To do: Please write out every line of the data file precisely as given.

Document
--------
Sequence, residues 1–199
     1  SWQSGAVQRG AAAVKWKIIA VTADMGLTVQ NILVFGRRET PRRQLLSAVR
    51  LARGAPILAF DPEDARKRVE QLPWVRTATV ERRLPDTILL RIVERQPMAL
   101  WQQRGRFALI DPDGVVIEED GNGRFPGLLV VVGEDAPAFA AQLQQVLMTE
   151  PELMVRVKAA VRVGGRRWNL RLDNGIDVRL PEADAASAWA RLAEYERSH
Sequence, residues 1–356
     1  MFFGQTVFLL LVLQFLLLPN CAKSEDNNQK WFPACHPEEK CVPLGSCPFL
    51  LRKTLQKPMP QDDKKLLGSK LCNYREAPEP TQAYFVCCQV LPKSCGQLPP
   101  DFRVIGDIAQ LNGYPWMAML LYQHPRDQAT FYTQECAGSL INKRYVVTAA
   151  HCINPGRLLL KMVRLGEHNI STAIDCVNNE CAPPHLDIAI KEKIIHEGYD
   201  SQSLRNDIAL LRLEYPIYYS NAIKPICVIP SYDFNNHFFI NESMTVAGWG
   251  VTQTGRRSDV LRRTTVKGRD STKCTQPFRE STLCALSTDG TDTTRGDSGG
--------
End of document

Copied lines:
Sequence, residues 1–199
     1  SWQSGAVQRG AAAVKWKIIA VTADMGLTVQ NILVFGRRET PRRQLLSAVR
    51  LARGAPILAF DPEDARKRVE QLPWVRTATV ERRLPDTILL RIVERQPMAL
   101  WQQRGRFALI DPDGVVIEED GNGRFPGLLV VVGEDAPAFA AQLQQVLMTE
   151  PELMVRVKAA VRVGGRRWNL RLDNGIDVRL PEADAASAWA RLAEYERSH
Sequence, residues 1–356
     1  MFFGQTVFLL LVLQFLLLPN CAKSEDNNQK WFPACHPEEK CVPLGSCPFL
    51  LRKTLQKPMP QDDKKLLGSK LCNYREAPEP TQAYFVCCQV LPKSCGQLPP
   101  DFRVIGDIAQ LNGYPWMAML LYQHPRDQAT FYTQECAGSL INKRYVVTAA
   151  HCINPGRLLL KMVRLGEHNI STAIDCVNNE CAPPHLDIAI KEKIIHEGYD
   201  SQSLRNDIAL LRLEYPIYYS NAIKPICVIP SYDFNNHFFI NESMTVAGWG
   251  VTQTGRRSDV LRRTTVKGRD STKCTQPFRE STLCALSTDG TDTTRGDSGG